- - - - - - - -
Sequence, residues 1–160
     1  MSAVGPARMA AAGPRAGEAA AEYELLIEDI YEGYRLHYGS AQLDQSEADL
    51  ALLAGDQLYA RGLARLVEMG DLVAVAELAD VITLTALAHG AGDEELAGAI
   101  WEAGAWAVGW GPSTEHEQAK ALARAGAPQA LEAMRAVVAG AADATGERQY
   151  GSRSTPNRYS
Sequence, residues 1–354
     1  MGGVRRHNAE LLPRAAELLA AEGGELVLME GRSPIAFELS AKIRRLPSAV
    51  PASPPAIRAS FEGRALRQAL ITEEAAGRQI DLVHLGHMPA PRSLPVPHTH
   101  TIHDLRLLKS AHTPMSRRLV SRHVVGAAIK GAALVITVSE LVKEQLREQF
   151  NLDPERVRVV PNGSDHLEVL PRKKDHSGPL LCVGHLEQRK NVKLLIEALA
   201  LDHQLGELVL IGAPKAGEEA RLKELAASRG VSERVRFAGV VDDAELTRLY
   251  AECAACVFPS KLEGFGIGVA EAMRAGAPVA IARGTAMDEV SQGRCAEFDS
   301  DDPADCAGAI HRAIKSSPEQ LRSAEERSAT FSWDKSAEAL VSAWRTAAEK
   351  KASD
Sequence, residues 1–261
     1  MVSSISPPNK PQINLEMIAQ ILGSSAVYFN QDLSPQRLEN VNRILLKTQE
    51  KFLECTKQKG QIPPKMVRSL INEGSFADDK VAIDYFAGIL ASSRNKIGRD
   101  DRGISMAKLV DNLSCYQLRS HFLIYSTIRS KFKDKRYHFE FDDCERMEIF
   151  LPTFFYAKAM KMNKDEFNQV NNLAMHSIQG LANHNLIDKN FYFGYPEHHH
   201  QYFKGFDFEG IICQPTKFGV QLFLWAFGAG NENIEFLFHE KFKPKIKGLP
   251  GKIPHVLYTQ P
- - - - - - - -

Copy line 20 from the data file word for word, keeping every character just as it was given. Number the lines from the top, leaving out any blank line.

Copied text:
   201  QYFKGFDFEG IICQPTKFGV QLFLWAFGAG NENIEFLFHE KFKPKIKGLP